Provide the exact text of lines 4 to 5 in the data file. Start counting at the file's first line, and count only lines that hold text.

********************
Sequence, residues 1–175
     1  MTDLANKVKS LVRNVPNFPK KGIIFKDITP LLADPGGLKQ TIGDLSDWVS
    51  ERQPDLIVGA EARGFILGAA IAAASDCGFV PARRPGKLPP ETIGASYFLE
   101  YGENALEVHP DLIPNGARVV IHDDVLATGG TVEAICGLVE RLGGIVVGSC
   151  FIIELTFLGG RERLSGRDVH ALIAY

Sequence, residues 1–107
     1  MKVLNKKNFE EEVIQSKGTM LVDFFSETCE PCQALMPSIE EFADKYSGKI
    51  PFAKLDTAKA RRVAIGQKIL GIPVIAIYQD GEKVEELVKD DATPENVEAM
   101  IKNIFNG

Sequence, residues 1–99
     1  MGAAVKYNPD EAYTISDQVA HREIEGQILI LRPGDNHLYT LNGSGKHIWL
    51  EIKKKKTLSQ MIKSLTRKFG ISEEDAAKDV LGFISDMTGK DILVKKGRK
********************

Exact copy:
   101  YGENALEVHP DLIPNGARVV IHDDVLATGG TVEAICGLVE RLGGIVVGSC
   151  FIIELTFLGG RERLSGRDVH ALIAY